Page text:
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Br J Anaesth. 2010 May;104(5):633-6. doi: 10.1093/bja/aeq050. Epub 2010 Mar 16.

Minimum volume of local anaesthetic required to surround each of the constituent nerves of the axillary brachial plexus, using ultrasound guidance: a pilot study.

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Department of Anaesthesia and Pain Management, Ulster Hospital, Dundonald, Upper Newtownards Road, Belfast BT16 1RH, UK.

Erratum in

  • Br J Anaesth. 2010 Sep;105(3):392. Dosage error in article text.



The minimum effective volume of local anaesthetic needed to provide effective analgesia of the four main branches of the axillary brachial plexus is unknown. This study was performed to determine the minimum volume of local anaesthetic required to surround the nerves of the axillary brachial plexus and document onset and duration of sensory and motor effects.


We enrolled 19 ASA I-II patients undergoing hand or forearm surgery. The four nerves of the axillary plexus were identified with ultrasound guidance. Lidocaine 1.5% with epinephrine 1:200 000 was loaded into a syringe driver. A 22 G needle was inserted in the long axis to each nerve and injection commenced using the bolus function (600 ml h(-1)). The needle was repositioned until the nerve was completely surrounded. The bolus dose in millilitres displayed on the syringe driver was recorded. This was repeated for each nerve. The degree of sensory and motor block was recorded as secondary outcomes.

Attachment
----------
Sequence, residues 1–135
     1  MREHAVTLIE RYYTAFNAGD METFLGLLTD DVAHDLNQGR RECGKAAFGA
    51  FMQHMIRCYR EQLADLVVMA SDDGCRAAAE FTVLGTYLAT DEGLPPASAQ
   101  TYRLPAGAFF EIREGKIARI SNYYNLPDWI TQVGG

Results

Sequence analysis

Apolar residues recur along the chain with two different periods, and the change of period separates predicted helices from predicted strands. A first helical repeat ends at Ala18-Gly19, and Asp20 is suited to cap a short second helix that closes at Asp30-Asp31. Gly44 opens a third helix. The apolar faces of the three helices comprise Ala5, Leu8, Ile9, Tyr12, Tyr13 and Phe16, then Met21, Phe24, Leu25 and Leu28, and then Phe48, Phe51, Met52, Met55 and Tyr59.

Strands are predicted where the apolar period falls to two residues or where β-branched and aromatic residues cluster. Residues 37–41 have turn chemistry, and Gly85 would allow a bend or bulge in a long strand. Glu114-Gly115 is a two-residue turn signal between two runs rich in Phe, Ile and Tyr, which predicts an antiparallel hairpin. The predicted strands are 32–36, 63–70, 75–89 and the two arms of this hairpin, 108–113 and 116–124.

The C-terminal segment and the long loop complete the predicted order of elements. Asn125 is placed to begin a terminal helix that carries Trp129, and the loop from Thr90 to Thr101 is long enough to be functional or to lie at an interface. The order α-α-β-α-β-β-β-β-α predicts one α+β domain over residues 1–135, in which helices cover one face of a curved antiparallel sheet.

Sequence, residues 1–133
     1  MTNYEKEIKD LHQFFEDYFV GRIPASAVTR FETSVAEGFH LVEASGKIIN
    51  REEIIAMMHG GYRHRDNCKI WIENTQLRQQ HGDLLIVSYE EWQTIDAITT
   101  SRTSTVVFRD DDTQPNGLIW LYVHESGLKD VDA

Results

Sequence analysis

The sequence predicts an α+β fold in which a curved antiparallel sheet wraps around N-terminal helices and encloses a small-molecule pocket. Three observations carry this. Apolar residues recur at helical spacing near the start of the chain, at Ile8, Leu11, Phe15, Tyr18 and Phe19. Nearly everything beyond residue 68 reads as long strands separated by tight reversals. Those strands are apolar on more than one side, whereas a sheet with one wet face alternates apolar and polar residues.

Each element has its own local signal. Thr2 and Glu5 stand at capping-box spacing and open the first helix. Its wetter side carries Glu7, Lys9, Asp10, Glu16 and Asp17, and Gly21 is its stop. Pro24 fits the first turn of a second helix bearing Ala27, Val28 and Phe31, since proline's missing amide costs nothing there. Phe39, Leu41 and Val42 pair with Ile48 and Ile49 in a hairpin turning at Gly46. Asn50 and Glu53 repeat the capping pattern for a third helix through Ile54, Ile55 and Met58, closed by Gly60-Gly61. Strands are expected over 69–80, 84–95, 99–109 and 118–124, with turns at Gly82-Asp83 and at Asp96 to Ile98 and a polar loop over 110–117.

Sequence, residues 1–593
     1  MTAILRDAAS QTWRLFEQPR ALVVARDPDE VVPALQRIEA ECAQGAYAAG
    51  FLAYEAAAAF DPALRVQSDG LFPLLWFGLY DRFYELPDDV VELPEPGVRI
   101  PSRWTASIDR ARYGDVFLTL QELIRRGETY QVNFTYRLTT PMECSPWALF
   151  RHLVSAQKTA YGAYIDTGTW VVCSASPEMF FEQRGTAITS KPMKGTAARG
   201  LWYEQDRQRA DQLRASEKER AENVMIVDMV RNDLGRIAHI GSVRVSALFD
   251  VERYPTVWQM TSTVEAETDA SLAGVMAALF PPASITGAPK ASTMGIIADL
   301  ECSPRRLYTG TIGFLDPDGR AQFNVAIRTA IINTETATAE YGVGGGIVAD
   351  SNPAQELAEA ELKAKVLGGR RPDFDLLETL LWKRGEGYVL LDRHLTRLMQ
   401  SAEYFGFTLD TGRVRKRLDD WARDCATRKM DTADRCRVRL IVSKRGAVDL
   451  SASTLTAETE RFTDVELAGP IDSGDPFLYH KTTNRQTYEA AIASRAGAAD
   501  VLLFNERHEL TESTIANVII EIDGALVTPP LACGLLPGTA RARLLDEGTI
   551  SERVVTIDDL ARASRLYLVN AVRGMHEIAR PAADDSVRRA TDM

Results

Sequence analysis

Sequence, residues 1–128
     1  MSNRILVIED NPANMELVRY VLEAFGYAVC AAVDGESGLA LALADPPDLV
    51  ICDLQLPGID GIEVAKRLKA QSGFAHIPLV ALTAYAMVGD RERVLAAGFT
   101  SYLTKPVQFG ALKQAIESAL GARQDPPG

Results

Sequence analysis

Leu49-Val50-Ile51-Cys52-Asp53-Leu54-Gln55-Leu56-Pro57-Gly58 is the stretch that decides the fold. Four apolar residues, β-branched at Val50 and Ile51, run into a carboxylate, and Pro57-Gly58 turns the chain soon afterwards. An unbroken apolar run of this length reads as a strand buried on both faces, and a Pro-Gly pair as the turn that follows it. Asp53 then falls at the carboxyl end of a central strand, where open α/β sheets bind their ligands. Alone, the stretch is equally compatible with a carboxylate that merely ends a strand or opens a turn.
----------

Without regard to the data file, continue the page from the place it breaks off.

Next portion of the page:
The mean (95% CI) volume to surround each nerve was: radial 3.42 (2.84-3.99) ml, median 2.75 (2.31-3.19) ml, ulnar 2.58 (2.14-3.03) ml, and musculocutaneous 2.30 (1.96-2.64) ml. The mean (95% CI) onset time for complete sensory block was: radial 22.5 (13.5-31.5) min, median 26.8 (18.5-35.0) min, ulnar 26.6 (17.8-35.4) min, and musculocutaneous 15.8 (7.45-24.2) min. The mean (95% CI) last recorded time with complete block was: radial 137.1 (105.6-168.7) min, median 144.7 (123.4-166.0) min, ulnar 183.2 (158.1-208.2) min, and musculocutaneous 158.3 (131.8-184.9) min. Seven patients required additional local anaesthetic infiltration and two required i.v. analgesia. No patient required conversion to general anaesthesia for surgery.


We found that it is possible to surround each nerve of the axillary brachial plexus with 2-4 ml of local anaesthetic. We speculate that increasing this volume would produce blocks of quicker onset and longer duration while still using smaller volumes than previously thought.

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